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Political Science Courses
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Political Science Courses overview
Political science is the effort to understand the systems and thought processes that govern global political systems. It is a social science that observes the interaction between politics and the distribution of scarce resources in an attempt to construct a general conception of how political systems operate. Postgraduate study provides students with a broad spectrum of knowledge in topics of import, which can include the design of policy, the effects of culture or economics issues on a government, or how politics operates in different regions.
Political thought can be traced back over 2,000 years ago all over the world, from ancient India’s Arthashastra written between 350 - 275 BCE to Aristotle (384 - 322 BCE), often regarded as the father of political science. The great events of times to come inspired a deluge of political thought from descending figures throughout the medieval period, renaissance, enlightenment, 19th and 20th centuries.
Modern political scientists have a wealth of theory to evaluate, with more practitioners than ever before taking it up. Their ideas help shape people's’ conceptions of politics as we know it.
Is political science for me?
Political science is for those with the curiosity to learn about how world political systems function and the myriad factors that influence them. It provides insight into history, psychology, law, philosophy, economics and more to build a complete picture. If you’re the sort of person who enjoys multi-disciplinary approaches to problem solving and modelling information, political science could very well be for you.
Political science can be taken all the way up to a PhD. Graduate certificates and diplomas are available for shorter periods of study, with master degrees offering an extensive coursework foundation.
Graduate certificates offer the shortest duration of postgraduate study, taking six months of full time study or one year part time to complete. They’re offered by the University of Queensland and other institutions to students from any discipline. It’s even possible to be admitted without any degree at all, provided applicants have at least two years of relevant work experience in something like public policy. There are a great deal of subject choices available in these courses, most of which there simply isn’t time for in six months. Some of these include:
- Principles of global law
- International crisis management
- Globalisation and economic development
- Global health & development
- Managing organisational behaviour
Graduate diplomas are very similar to certificates, differing only in their length. These programs take one year of full time study to complete, or up to two years part time. Institutions like Macquarie University offer these to applicants under similar conditions, namely they must either hold a bachelor degree in any discipline or have relevant work experience. Although choice of units ought to identical to those for graduate certificates, the extended study duration allows students to take twice as many.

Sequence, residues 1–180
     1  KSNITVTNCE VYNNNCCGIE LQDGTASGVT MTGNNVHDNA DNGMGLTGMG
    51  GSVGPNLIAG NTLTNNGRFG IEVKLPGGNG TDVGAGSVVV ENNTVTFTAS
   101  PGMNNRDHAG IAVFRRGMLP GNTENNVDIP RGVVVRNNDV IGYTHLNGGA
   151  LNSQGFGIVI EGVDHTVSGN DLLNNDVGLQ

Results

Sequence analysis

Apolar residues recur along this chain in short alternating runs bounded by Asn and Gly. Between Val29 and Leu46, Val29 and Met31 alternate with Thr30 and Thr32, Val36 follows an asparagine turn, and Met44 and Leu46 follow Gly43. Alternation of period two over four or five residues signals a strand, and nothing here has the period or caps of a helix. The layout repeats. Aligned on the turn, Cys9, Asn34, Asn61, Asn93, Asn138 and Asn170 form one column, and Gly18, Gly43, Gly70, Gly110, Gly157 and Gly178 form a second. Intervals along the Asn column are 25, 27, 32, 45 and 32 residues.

Master degrees offered by institutions like Deakin University take two years of full time study to complete, or up to four years part time. Entry is granted either to those who’ve completed a bachelor degree in any discipline, or graduate certificate or diploma. These courses can either be focussed on research, coursework or some combination of the two. This makes them an excellent way of gaining specialised knowledge in addition to the standard core units normally taught.
Doctorates represent the pursuit for the highest level of expertise, taking four years of full time study to complete or up to eight years part time. Institutions like ANU offer these exclusively to the highest-caliber students, requiring at least second-class honours in a four year bachelor’s degree to enter. Those with a standard three year degree can enter, given they have several years of prior relevant work experience. The course itself entails extensive supervised research into a topic of the student’s choice, which culminates in a thesis of up to 100,000 words. Alternatively, students can undergo a PhD by publication in many cases.
The following are just some of the employment options available to those proficient in political science.
These professionals provide governments and corporations with valuable advice regarding policy development. They’re able to help answer questions, like whether or not XYZ policy was effective or what went wrong. This is accomplished through a number of methods, from going out and interviewing stakeholders to modelling data or analysing and interpreting reports. Consulting firms like Keybridge PPE or FTI Consulting are highly focussed on exactly this, making them ideal employers for political science postgraduates.
Public relations specialist
Entering public relations as a political science graduate is an intriguing choice. Although these professionals aren’t working toward developing government policy, graduates can use their extensive knowledge of intercultural relations to promote an agenda and maintain favourable public image. This is a role that requires charisma and conviction in equal measure. Companies like Edelman lead the way in this field, making them employers to aspire for.
In this field, graduates advise a political candidate on how to get elected. They use their knowledge of past and contemporary political processes to appeal to voter sentiment or address issues that stand out. Consulting firms tend to be the best option when it comes to getting a job in this field.